30 min



Aged Care in 2018 - 3 things you can't ignore

1 May 2018 Tim Farren

People & Workplace

30 min



The needs, risks and challenges that impact on this vital sector require providers and those businesses supporting them to be at the top of their game in 2018.

Caring for our seniors carries great legal and moral responsibility. It also carries risk. Aged care facilities also have to manage the impact of regulatory change.

Being informed about the needs, risks and challenges is the first step to a proactive risk management plan towards a safe environment for residents, employees, visitors, volunteers, and contractors. It also helps protect your valuable assets.

Aged Care
Aged care providers are on the frontline in protecting the aged-care community. Increased awareness of their challenges in the coming year is a responsibility for businesses supporting them. Understanding the key issues and how best to overcome barriers will enforce greater risk management. It can also harness opportunities.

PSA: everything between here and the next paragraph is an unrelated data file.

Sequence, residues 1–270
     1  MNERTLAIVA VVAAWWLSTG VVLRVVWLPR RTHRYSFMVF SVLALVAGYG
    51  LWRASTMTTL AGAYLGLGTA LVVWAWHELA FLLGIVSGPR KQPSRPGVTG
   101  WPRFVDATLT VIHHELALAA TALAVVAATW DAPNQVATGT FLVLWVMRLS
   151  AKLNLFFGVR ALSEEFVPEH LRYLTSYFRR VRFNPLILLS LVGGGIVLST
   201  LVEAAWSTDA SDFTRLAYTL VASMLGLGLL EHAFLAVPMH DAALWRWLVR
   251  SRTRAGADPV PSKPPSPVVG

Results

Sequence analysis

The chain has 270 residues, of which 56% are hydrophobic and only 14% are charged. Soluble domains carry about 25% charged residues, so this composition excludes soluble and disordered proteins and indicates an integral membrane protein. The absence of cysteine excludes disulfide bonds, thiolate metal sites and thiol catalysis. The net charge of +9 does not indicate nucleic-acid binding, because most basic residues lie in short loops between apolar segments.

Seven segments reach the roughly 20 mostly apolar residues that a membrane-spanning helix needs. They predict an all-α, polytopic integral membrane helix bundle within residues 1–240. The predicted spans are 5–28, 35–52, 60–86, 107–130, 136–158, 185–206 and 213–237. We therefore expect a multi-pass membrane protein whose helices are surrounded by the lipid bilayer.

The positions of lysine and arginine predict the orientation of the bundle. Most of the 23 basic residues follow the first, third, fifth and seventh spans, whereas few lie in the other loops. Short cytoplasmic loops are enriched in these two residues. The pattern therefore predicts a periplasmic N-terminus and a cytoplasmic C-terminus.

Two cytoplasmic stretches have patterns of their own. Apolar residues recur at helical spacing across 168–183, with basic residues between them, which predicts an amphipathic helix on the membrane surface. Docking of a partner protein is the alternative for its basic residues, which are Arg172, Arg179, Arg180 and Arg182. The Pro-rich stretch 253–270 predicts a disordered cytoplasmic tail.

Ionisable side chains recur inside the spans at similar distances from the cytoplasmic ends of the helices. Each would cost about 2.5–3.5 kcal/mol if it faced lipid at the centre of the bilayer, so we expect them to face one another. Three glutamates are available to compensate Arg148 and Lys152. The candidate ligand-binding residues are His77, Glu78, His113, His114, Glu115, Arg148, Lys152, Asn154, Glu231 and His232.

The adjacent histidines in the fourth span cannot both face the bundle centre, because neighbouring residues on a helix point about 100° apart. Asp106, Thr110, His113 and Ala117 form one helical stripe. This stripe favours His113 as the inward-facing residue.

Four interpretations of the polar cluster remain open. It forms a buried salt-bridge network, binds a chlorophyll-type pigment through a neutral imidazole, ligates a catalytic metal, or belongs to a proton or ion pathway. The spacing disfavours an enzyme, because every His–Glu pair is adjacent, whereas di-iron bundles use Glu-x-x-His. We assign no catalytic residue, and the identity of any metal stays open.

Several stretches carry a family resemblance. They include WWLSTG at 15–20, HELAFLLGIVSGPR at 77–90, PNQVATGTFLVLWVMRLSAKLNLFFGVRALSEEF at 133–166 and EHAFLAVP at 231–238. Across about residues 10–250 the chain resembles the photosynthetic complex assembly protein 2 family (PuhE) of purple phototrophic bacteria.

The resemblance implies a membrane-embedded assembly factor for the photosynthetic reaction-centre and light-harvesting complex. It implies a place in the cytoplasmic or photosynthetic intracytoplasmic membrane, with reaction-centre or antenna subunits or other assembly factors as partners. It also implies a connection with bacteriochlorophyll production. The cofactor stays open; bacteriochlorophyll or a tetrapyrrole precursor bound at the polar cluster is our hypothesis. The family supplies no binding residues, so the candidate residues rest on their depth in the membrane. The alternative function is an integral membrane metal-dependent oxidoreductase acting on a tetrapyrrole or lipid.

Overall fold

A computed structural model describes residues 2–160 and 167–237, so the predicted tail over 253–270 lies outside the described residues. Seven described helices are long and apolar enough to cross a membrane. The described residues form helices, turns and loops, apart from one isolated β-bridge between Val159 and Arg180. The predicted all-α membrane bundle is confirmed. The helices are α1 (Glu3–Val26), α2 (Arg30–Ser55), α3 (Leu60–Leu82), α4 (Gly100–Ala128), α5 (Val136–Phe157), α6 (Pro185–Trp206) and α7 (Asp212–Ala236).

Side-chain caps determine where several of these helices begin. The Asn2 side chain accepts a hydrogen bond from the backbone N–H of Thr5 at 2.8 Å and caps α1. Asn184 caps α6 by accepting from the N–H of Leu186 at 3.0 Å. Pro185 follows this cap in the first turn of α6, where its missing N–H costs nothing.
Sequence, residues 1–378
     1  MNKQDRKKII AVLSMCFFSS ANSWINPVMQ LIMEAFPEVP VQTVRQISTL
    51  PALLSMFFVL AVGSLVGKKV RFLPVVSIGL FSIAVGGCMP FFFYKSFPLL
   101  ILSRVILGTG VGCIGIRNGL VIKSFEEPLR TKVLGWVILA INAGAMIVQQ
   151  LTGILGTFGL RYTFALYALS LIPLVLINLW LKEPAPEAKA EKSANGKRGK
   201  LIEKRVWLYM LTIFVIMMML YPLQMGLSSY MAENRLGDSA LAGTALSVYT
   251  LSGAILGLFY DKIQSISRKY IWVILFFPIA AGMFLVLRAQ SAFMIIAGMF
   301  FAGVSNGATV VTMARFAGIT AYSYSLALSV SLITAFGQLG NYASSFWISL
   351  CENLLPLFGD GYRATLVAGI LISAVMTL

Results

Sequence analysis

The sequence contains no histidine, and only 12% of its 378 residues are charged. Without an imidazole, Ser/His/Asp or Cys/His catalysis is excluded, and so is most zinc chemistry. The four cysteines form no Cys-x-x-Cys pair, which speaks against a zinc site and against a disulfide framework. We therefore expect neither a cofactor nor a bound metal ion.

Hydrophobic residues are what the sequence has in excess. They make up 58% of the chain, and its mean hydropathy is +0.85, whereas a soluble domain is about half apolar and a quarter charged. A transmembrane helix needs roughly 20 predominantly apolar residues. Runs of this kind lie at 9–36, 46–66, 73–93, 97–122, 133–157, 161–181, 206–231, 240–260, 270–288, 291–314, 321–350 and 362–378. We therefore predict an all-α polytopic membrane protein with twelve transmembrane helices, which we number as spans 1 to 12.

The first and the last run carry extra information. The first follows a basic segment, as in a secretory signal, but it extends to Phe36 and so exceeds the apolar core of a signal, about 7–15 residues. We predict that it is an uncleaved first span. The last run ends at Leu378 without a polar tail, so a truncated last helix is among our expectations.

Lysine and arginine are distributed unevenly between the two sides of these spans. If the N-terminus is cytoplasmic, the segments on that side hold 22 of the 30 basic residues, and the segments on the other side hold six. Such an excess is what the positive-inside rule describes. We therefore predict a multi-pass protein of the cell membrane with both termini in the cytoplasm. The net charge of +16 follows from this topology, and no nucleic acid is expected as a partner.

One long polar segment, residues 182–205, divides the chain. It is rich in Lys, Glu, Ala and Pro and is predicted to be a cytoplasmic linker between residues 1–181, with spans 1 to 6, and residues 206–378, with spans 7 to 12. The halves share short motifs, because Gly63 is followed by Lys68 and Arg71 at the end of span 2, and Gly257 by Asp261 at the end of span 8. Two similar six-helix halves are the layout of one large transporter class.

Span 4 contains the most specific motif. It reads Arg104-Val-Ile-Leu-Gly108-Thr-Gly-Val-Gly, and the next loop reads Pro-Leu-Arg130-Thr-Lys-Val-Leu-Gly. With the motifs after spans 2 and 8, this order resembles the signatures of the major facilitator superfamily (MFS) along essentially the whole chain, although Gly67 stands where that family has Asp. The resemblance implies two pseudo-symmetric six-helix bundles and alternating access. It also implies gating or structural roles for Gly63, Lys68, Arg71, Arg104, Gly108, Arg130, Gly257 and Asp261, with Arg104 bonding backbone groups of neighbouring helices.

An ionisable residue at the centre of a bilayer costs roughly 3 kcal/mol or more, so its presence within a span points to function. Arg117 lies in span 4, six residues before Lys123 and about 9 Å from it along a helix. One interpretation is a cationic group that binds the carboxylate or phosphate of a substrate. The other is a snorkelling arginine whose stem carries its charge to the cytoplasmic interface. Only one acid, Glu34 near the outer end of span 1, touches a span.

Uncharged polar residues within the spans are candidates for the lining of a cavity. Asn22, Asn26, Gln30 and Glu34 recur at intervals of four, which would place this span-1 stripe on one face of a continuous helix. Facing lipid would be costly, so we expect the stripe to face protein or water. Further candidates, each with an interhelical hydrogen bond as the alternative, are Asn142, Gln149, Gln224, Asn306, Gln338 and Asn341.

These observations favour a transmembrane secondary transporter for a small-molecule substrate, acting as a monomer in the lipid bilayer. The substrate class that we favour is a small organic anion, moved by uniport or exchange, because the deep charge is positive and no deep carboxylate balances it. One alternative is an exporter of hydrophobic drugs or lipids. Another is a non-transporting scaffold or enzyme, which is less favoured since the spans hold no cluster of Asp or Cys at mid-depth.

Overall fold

Did you know that the ability to maintain adequate staffing is the most important and immediate need for the aged care industry?

A social media post from Aged Care Crisis in a tweet from @agedcarecrisis in early December 2017 suggests that the need for adequately-trained staff in aged care is at a tipping point.

Aged Care Crisis

Rural providers are finding it especially hard to recruit registered nursing staff, at a time when staff retention is an issue in cities and regional areas. 

But is this a modest example of the pressure on recruitment, and one that’s likely to intensify if palliative funding sees disruption after the next election? Kevin Mercer, CEO Aged & Community Care for Mercy Health sees the problem as a double edged sword.